Yesterday I installed a novel Visual Studio debugging tool from Microsoft Research and Brown University called Debugger Canvas. I started playing with it and was immediately hooked; now this is visual debugging! Debugger Canvas augments the default debugging experience in VS and gives you an interactive visual graph showing the call stack stack and code path. Each node in the tree contains the source code for each function. It even respects your font and layout preferences!
As you step through the code, the active line is highlighted as usual, and “Step Over” and “Step Into” also work as you would expect; if you step over a call, a new node is not created. Once a function has been stepped into it remains on the canvas even when the call returns, building up a visual representation of the code path. All the regular VS debugging windows and features work as expected, e.g hovering over a variable will show its current value.
Another cool feature is the ability to take snapshots of the value of a variable and then optionally display that on the canvas as a visual history. You can also annotate the canvas with “sticky” notes. The canvas itself is a file so you can save it for later use or you can save the file as an XPS document. I can imagine that test engineers will love this; it will allow them to reproduce a defect and then capture the full code path, pertinent variable history and their annotations, and then attach the resulting document to the bug in their defect management system.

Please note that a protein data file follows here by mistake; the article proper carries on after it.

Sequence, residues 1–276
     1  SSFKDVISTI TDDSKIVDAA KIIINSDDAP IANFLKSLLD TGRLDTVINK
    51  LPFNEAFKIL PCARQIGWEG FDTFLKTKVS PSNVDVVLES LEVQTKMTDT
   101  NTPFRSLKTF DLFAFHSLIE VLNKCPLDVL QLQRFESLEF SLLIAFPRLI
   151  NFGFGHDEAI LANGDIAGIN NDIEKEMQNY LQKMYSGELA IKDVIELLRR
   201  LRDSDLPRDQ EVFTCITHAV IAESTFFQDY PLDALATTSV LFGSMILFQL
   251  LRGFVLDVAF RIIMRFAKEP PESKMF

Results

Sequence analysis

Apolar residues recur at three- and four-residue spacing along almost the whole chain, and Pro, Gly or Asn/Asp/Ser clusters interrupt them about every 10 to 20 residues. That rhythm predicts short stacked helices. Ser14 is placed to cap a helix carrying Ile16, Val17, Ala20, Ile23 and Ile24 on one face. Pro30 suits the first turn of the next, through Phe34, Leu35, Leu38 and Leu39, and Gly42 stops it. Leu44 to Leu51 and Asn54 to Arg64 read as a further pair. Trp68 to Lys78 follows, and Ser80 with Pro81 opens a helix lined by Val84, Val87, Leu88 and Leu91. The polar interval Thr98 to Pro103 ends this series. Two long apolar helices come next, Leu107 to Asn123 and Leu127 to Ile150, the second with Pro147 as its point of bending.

There are a bunch of other features, including a “trial feature” that allows you to edit the code directly on the canvas (though apparently the code is a little buggy still). If during a debugging session you tire of Debugger Canvas you can just open a source file and continue debugging using the default debugging capabilities of VS.
I hope Debugger Canvas makes it into the next release of VS. You can download Debugger Canvas from Microsoft's DevLabs site.